I considered building the new benches out of laminated Ash or Maple. Ultimately I decided this would take far too long and cost a bit too much. I needed something that I could put together relatively quickly that would provide a flat, heavy, solid work surface and hold up to years of abuse. I recalled reading some reports of woodworkers using doors for work tables. This seemed like a great idea. Because I would need to cut it down to something well under 30” x 80”, and because I want to be able to clamp things securely on the surface, I would need to use solid core doors. I found a couple in stock at the big blue store where, over the phone, an employee was willing to sell me the worst two he could find in stock as “scratch and dent,” at a reasonable discount. So I quickly picked up a couple doors and a handful of the best 2×4’s I could find and set out to turn them into a couple work tables.
Because I needed to cut the doors down to roughly 56” x 26”, the raw edges required banding. The “stuffing” was a kind of particle board, though lighter and less cohesive than the stuff I’m accustomed to working with. I’m guessing there’s a special name for it but I just don’t know what it is. In any case, it clearly wouldn’t suffice to simply glue some hardwood edges to the stuff. Biscuits wouldn’t cut it either—they were far too small. This is where my Festool Domino came in handy—I was quickly able to insert some 10mm x 50mm dominos in the raw edges to join with some 1” poplar edging. Worked like a charm and should hold for as long as the tables are in service.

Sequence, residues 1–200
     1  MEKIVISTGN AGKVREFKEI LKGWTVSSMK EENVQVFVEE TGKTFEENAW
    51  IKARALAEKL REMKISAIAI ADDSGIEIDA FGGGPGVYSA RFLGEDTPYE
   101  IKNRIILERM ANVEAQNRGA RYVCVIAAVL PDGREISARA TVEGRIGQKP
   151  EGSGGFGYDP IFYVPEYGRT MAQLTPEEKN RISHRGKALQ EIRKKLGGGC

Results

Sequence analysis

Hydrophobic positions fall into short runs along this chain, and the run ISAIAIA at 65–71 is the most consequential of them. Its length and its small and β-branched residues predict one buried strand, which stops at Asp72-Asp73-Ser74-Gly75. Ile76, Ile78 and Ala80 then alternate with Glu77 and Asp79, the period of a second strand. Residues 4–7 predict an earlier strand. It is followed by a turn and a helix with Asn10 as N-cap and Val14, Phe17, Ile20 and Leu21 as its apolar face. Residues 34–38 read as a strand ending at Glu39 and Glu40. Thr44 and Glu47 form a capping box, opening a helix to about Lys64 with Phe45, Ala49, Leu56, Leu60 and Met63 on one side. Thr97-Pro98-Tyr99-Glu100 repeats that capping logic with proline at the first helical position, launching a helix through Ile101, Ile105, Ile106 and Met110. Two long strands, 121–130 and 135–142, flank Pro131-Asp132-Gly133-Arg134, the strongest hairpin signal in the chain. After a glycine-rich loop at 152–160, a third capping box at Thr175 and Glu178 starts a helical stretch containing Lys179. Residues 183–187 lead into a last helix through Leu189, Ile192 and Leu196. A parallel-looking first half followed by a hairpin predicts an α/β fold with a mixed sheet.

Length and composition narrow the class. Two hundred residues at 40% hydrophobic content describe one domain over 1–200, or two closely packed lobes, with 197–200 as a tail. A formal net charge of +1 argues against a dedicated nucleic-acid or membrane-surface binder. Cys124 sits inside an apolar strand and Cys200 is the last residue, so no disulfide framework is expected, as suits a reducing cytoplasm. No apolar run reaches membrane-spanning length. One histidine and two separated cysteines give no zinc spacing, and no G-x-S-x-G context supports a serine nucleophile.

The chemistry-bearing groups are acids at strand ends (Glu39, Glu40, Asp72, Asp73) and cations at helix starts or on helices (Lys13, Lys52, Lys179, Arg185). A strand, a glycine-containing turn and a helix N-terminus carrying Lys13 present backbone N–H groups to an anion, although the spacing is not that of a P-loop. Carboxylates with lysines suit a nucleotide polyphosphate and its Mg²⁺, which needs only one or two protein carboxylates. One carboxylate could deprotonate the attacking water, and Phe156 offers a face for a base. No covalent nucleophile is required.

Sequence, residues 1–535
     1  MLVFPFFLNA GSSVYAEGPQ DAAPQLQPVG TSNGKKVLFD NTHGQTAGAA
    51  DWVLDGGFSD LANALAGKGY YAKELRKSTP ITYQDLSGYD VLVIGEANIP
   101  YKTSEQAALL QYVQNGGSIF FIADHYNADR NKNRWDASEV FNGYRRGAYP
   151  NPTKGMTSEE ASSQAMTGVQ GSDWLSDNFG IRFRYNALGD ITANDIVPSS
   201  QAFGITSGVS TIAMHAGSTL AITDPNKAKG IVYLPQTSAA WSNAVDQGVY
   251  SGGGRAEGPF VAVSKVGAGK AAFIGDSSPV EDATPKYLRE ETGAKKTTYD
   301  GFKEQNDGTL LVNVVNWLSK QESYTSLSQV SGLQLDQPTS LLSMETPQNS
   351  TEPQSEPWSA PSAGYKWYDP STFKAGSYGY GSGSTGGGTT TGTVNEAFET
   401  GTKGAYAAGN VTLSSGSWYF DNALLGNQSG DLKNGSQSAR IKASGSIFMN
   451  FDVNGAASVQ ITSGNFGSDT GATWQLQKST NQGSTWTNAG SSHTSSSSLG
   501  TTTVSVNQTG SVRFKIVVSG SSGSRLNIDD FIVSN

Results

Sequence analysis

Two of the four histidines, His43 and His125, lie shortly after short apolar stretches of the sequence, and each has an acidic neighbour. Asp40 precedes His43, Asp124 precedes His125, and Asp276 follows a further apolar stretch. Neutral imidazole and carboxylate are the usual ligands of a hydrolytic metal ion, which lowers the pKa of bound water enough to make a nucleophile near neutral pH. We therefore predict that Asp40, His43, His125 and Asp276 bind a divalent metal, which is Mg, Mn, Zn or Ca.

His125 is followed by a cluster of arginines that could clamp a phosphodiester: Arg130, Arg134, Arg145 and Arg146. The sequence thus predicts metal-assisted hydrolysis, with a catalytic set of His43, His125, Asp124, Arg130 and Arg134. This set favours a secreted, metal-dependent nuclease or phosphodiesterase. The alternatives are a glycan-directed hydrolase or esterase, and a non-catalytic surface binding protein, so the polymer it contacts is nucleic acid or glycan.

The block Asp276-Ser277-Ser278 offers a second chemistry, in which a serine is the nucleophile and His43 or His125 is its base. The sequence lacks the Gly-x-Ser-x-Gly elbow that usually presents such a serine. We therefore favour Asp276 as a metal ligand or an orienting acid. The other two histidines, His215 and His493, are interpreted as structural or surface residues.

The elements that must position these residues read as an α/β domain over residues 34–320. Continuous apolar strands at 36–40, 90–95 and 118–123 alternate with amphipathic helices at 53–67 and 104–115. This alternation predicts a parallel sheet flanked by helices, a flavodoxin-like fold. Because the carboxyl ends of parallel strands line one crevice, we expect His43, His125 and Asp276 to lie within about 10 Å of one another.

The new benches may be used individually or ganged together
Spot for small F-clamps during glue-ups
Mobile bench tucks under existing counter
The collapsible bench on the back wall is identical in size and height to the mobile version. It is held up by two swing out 2×4 legs that fold in flat to the wall, allowing the bench top to drop down on a couple heavy-duty hinges. One of the most interesting things about this back bench is the door was skinned with a piece of curly luan. In my theater days we used luan for building basic flats. I don’t ever recall seeing any with curly grain, though I suppose I probably never noticed as we typically painted over them with latex instead of clear poly. So this was a real treat and makes for a rather interesting-looking work bench.
New collapsible work surface
Folds flat to the wall for storage
I was initially planning on building a new clamp rack (you can never have enough clamp racks!) to fill the space above the collapsible bench, however while taking these pictures a new thought occurred to me. Because this back wall is also an outside wall, I’m currently considering cutting a hole in it and installing a vent fan to make this area into a pop-up spray booth. I’ve been setting up a temporary booth in the garage when needed, however it is a cumbersome, time-consuming process that I can only do in the warmer months. I could collapse the table for large items or install a lazy susan on it for smaller pieces. Now I just need to read up on the proper way to put one together!
[Originally posted at http://tenonandspline.com/blog/archives/589]
-- Patrick, Chicago, IL http://www.TenonAndSpline.com/blog